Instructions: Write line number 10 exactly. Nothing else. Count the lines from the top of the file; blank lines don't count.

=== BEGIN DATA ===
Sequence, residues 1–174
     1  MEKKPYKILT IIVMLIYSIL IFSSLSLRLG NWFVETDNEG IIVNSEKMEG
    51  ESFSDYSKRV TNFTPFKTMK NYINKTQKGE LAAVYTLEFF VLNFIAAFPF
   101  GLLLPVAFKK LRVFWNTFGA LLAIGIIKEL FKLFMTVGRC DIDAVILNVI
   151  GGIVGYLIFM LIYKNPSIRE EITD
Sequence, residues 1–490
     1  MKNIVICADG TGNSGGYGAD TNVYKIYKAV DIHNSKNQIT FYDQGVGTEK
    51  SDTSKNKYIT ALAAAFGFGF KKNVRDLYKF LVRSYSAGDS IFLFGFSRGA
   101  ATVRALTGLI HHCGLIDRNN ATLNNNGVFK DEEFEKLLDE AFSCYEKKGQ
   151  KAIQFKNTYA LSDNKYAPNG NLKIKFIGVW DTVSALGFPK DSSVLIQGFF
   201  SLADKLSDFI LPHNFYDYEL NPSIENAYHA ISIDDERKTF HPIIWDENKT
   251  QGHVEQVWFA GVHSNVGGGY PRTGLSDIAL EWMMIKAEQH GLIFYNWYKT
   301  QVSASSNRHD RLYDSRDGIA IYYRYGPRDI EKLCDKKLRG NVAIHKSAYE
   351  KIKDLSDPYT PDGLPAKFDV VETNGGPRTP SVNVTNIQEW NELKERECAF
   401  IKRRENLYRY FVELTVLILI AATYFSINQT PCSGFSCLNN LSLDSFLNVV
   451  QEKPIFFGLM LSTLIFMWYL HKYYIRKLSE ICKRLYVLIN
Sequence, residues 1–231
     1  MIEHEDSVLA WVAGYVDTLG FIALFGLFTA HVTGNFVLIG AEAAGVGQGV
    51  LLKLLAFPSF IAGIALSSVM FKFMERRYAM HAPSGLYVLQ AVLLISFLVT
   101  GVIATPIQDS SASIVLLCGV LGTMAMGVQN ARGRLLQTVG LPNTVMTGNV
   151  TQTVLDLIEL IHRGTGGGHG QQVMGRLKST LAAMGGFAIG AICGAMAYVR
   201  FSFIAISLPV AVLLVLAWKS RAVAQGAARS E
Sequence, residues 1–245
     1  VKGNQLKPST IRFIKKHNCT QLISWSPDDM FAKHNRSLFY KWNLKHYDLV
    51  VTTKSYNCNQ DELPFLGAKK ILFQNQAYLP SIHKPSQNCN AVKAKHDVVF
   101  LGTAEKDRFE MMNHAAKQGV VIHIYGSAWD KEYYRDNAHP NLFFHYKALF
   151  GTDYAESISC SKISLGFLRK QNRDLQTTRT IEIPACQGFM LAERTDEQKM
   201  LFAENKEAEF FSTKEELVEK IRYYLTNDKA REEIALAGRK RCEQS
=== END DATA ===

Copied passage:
   151  KAIQFKNTYA LSDNKYAPNG NLKIKFIGVW DTVSALGFPK DSSVLIQGFF